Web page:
Kate Pearce said...

I'm impressed that you have it all planned out so efficiently-so great for new writers or um organized people.

I'm lucky I get to stay home and write-apart from having 4 kids who apparently 'expect' things from me like food, laundry, rides to school etc etc.

Realizing I could write was like finding the last piece of the puzzle that was me. I might moan about deadlines and crummy pay but I seriously love my job and treat it as a career-you're certainly right about that Olivia.

One other important thing for a writer to do is to build a team around themselves who supports them, nourishes them and helps them succeed in the horrible world of publishing. Get good supportive friends, a good agent and good relationships with your publishers-all of them should be working with you to ensure your success. (ooh I sound all Californian)

And unfortunately, some of us 'do' have to finish one book on Friday and start a new one on Monday-that is if they set themselves stupid deadlines-note never ever ever do that again...

Lucy Felthouse said...

Thanks Olivia! This is all mega helpful stuff!

And all you lovely lot who have left comments... you've just made me want even more to start writing full-time, instead of squeezing it in around everything else! x

magdalune said...

I'm still figuring out how to write full-time. I'm working at the comm office of my church, and it involves some local newspaper writing (which isn't all that discerning or selective, I have to say), but I still lack a great deal of experience that'll get me hired. I'm also checking craigslist almost compulsively for freelance editor positions, and I have at least one that's likely to get me somewhere by the end of the month. But you have to charge so low in order to compete. I also check out bookjobs.com, ACESjobs, and publisher's marketplace.

What is the advice for becoming a full-time writer/editor?

The post is good for how to maintain being a full-time writer, though. :D I have two personalities: the writer and the editor. The editor deals with everything that the writer doesn't.

Dayle A. Dermatis said...

Brilliant post! I'm about to dash off on a trip so I don't have time for deep comments, but I did want to point out a UK/US difference--if you're a US writer, save those rejection slips! They are crucial in case of a tax audit. Electronic files are not enough; the tax man/lady needs to see orderly rows of paper files filled with submission cover letters and responses.

(I have friends--full-time well-respected writers--who've been audited twice. They were so well organized that both times, the auditor gave them tips for even better tax benefits. I aspire to be them!)

Olivia Knight said...

Goodness, Dayle! It seems so strange to have to file things where no money is actually made or spent. I have been audited and they did want paper copies of everything, which simply meant printing everything off because only electronic files existed. (Try getting a paper receipt for your webspace!) Thanks for pointing that out, though.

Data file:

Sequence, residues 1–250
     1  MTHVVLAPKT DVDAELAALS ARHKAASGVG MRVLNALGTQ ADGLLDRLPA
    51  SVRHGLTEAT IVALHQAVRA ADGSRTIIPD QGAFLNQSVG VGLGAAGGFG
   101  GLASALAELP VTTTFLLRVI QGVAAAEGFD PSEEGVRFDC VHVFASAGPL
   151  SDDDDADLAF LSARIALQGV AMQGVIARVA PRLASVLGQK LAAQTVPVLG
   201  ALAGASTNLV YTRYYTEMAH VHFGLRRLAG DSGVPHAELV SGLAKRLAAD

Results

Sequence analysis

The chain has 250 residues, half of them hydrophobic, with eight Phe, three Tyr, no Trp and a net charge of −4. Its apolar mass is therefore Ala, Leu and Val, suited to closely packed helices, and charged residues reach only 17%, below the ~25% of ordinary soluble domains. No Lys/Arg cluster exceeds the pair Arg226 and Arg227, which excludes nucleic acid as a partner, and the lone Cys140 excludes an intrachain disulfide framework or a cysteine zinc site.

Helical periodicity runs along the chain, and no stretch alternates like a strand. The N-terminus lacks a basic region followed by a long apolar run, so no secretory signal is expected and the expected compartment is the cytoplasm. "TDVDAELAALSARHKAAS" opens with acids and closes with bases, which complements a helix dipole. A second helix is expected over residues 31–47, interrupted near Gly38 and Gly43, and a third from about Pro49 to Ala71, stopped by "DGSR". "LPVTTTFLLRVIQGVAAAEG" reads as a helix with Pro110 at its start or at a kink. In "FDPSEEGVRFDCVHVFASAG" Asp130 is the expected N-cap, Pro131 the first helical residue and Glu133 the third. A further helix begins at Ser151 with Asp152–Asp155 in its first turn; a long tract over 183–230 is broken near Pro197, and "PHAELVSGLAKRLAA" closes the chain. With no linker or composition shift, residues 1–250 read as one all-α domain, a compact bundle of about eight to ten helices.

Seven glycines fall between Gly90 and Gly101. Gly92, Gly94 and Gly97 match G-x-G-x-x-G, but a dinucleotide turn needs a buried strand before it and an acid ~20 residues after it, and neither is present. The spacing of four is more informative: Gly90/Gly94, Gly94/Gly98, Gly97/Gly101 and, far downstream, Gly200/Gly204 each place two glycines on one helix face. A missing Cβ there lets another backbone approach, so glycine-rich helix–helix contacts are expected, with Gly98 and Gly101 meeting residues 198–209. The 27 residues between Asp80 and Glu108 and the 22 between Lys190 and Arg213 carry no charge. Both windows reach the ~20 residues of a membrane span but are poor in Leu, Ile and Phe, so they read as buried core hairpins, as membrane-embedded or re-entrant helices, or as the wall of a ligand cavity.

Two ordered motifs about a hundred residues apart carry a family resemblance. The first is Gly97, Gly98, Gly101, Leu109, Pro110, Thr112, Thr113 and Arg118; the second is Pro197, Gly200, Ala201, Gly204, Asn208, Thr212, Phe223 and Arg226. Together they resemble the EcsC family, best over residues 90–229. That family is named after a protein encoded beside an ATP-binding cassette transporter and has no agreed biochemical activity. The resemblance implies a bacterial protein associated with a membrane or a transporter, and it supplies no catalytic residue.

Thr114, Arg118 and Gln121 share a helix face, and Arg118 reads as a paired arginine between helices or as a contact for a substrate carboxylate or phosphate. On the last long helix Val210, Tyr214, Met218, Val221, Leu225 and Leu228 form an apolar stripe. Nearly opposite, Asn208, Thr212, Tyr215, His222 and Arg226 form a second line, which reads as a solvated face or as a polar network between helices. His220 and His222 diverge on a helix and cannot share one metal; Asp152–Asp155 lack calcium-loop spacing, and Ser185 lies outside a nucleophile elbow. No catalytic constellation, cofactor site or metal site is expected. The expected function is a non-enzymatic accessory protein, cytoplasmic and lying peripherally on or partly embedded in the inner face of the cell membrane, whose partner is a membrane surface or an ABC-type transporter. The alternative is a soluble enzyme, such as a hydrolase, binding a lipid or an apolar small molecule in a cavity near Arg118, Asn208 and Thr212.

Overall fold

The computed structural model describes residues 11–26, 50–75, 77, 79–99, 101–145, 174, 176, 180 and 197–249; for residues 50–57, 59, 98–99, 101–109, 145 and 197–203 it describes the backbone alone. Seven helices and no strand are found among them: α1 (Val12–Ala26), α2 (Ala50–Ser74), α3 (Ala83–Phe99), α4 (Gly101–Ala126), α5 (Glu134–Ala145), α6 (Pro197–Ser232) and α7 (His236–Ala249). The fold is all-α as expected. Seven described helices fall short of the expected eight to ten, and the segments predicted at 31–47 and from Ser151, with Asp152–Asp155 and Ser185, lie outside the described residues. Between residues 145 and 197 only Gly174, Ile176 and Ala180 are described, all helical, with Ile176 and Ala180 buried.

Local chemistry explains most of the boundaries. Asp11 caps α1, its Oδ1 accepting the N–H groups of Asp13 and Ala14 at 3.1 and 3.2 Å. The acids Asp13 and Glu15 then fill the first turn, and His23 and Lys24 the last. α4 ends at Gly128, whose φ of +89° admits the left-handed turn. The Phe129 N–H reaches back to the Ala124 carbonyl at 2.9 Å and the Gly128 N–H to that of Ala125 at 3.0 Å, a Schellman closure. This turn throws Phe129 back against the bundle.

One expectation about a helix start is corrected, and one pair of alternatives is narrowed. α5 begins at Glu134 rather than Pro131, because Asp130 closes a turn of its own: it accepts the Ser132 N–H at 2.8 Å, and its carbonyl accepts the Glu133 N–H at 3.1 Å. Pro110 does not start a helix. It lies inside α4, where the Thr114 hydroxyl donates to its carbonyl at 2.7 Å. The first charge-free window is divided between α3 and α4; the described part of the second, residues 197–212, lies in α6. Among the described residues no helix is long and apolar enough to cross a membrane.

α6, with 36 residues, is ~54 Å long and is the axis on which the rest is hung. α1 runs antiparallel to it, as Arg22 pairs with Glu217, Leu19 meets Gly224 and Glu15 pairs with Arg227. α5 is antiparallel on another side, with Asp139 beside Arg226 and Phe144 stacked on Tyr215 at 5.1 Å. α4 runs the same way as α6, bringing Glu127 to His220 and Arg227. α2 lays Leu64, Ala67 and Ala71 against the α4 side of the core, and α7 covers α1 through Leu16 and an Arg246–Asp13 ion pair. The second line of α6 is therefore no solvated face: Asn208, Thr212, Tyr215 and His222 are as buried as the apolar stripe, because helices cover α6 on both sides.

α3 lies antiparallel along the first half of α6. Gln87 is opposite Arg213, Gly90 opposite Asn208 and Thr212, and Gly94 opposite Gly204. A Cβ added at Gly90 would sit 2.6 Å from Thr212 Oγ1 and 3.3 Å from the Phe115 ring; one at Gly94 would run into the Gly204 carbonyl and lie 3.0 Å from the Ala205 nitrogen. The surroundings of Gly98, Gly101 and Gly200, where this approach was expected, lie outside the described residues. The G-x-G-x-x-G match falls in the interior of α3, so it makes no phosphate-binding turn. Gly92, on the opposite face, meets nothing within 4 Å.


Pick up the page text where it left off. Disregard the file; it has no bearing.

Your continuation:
Magdalune - getting there could be a whole nother post, or possibly a book... I think everyone's route is quite idiosyncratic, but - unless you've hit the bestseller lists for a few years running - it tends to be a mix of things, and stay a mix of things. Look at all the things Jolie does, for instance. (And that seems less than ideal at first, but then - as I point out - six months into writing fiction full-time and you're gasping for a creative break, so those other strings to the bow are more than financially necessary.)

Madeline Moore said...

Felix devotes an hour each morning to research online, including poring over Craigslist. No joy for a full year, but recently he scored a lovely gig writing for an upcoming website. He sends me the stuff I might be interested in (hey! my own market researcher!) and I submitted a work sample to a new series for teens, to be a ghostwriter. They chose someone with more experience but I received a lovely rejection letter and a promise to keep my resume on file.

You never know when market research will pay off. So keep the faith, magdalune (which should be easy as you work in a church...)

Olivia, I like your suggestion of keeping something 'from the heart' going at all times. I'll give that a try.

Oh, and belonging to a group, like Lustbites or B(uy) the Book or any of the many, many organizations out there now, can really help alleviate that fear that maybe you're the only one with writer's block/conflicting deadlines/too many distractions, etc.

I love Lust Bites.

Olivia Knight said...

For erotica, Scarlet magazine in the UK accepts submissions and pays well, and don't forget that Black Lace is crying out for quality erotica. (And remember: Read The Guidelines.) For freelance, consider non-writing work as well - it can help balance out the time you spend writing.

magdalune said...

I may have missed it in my two or three readings of Black Lace guidelines, but do you accept American writers. It just says to write English with proper spelling and grammar, but across the water, things are a little different. :)

Madeline Moore: I'll keep looking. And I may work in a church, but I'm also an atheist. It's just that no one knows. Shhh... :)

Olivia Knight: I'll keep plugging.

Olivia Knight said...

Magdalune - YES, they do; at least half the Lusties are American! The guidelines are online. And don't forget to reread Janine's interview with the editor. I think there may be a few short story collections coming out too ("short story" for BL is 6000 words, not the 1000-2000 most magazines want).

Janine Ashbless said...

There are currently 3 short-story-collections accepting subs at Black Lace. "Liasons" has a deadline of October I think, "Misbehaviour" has a deadline of December, and "The Affair" has a deadline of February sometime. 6000 words each time. Full details are available if you sign up to the Black Lace Chat board (widget at right). You've got to be female.